When I was a kid I wanted to hear my heroes blow. I bought records and heard great writing, brilliant sidemen, ambitious artistic statements, but what I wanted was a kick-ass blowing session. John Fedchock’s new album would have satisfied me then, and it satisfies me now.
Not that HIT THE BRICKS is free of ambition. Any recording of "Giant Steps" invites a skeptical listening, but Fedchock approaches it as a sketch in moody, shifting harmonies -- not an athletic competition. He lets the inner harmonic motion lead the way rather than bending it to his will.
It’s this kind of maturity that marks all the material on the album. HIT THE BRICKS is a strong, straight-ahead statement: a couple of standards, a blues, some quality jazz tunes and a few originals. Fedchock is joined by seasoned sidemen who are comfortable in their own skins. They play freely but without an agenda of any kind, just solidly doing what they do better than almost anyone else.
The title track, a good old-fashioned burner which I’m pretty sure breaks a few trombone speed limits; Chris Potter’s snaky soprano on "Brazilian Fantasy"; the melodies Dave Ratajczak pulls from the drums on "This Just In"; anything Scott Wendholt plays (surely he’s one of the great unheralded trumpet players); and the luscious ensemble writing on "Moon Alley," Tom Harrell’s simple masterpiece.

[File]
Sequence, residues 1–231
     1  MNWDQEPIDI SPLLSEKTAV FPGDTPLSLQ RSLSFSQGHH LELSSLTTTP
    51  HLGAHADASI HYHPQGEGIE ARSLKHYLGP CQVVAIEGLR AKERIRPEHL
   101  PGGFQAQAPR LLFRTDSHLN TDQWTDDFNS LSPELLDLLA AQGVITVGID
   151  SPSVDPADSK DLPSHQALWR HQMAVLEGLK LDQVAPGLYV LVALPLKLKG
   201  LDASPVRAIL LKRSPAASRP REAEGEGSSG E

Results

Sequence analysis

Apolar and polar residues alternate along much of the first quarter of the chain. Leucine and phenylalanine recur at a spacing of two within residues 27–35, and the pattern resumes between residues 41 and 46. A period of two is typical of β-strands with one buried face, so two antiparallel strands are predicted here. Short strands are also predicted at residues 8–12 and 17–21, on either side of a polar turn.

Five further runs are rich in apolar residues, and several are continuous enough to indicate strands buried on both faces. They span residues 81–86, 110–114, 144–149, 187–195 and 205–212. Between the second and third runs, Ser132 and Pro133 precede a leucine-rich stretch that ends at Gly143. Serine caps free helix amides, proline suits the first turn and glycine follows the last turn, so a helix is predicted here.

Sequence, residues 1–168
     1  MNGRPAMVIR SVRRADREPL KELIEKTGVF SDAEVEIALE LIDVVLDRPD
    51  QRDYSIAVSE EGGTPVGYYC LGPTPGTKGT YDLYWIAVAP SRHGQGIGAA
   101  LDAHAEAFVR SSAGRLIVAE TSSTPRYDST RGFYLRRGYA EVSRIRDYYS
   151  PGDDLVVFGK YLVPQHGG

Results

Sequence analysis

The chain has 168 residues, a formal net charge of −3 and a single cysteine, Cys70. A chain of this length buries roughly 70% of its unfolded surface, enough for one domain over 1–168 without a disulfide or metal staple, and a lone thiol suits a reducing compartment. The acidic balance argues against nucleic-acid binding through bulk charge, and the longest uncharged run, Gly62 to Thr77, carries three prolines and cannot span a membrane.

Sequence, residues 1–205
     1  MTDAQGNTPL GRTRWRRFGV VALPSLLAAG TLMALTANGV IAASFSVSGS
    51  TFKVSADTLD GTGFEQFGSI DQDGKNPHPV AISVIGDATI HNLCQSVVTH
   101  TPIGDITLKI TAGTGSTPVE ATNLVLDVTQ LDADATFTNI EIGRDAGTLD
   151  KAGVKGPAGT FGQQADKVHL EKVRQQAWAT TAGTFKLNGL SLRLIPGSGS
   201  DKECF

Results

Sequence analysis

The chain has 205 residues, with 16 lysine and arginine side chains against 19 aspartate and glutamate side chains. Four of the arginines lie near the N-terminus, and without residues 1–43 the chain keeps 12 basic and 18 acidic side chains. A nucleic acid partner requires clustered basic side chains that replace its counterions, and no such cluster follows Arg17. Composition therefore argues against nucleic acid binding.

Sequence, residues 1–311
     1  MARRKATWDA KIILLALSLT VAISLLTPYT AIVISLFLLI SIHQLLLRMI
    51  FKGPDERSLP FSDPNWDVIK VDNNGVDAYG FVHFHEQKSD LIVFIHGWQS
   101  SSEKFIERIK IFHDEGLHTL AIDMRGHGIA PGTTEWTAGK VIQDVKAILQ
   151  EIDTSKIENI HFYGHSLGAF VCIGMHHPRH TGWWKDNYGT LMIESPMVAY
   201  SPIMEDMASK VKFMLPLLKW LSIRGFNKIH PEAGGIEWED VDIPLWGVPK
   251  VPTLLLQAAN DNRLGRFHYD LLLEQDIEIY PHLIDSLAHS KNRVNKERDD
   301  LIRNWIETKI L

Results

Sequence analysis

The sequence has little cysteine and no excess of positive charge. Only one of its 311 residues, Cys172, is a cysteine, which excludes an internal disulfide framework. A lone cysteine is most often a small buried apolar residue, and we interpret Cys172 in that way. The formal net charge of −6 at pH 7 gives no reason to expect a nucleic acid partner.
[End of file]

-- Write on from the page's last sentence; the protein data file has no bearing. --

But astride it all stands John Fedchock and his incomparable trombone playing, which seems to have no limit, technically or musically. He covers all tempos with equal ease and slips comfortably through the most awkward harmonic corners. He’s inventive and melodic and simply never puts a foot wrong.
I should say a word here for how well engineer Paul Wickliffe has captured Fedchock’s sound. The trombone is a notoriously difficult instrument to record -- something about the complexity of the sound and the variation from player to player (and probably the lack of frequency with which trombone soloists are recorded). This is Fedchock at his warm, fluid best. Over his entire range -- and it is considerable -- the sound is full and complete.
I wish HIT THE BRICKS had been around for me to wear out when I was in high school. I’ve it got now, though, and it will be pleasure making up for lost time.